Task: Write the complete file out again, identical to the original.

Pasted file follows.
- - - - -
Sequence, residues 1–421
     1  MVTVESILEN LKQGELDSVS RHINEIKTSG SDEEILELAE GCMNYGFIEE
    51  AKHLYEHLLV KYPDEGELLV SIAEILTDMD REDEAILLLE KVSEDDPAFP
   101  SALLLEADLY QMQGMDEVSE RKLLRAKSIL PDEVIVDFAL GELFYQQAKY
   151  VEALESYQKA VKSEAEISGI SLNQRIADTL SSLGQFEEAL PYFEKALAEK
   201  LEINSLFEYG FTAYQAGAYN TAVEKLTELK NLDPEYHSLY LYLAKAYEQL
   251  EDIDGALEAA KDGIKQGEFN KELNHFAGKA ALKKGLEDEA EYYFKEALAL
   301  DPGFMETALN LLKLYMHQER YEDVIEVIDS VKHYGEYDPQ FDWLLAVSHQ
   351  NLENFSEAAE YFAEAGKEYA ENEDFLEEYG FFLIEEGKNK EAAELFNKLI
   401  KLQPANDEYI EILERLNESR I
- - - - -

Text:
Sequence, residues 1–421
     1  MVTVESILEN LKQGELDSVS RHINEIKTSG SDEEILELAE GCMNYGFIEE
    51  AKHLYEHLLV KYPDEGELLV SIAEILTDMD REDEAILLLE KVSEDDPAFP
   101  SALLLEADLY QMQGMDEVSE RKLLRAKSIL PDEVIVDFAL GELFYQQAKY
   151  VEALESYQKA VKSEAEISGI SLNQRIADTL SSLGQFEEAL PYFEKALAEK
   201  LEINSLFEYG FTAYQAGAYN TAVEKLTELK NLDPEYHSLY LYLAKAYEQL
   251  EDIDGALEAA KDGIKQGEFN KELNHFAGKA ALKKGLEDEA EYYFKEALAL
   301  DPGFMETALN LLKLYMHQER YEDVIEVIDS VKHYGEYDPQ FDWLLAVSHQ
   351  NLENFSEAAE YFAEAGKEYA ENEDFLEEYG FFLIEEGKNK EAAELFNKLI
   401  KLQPANDEYI EILERLNESR I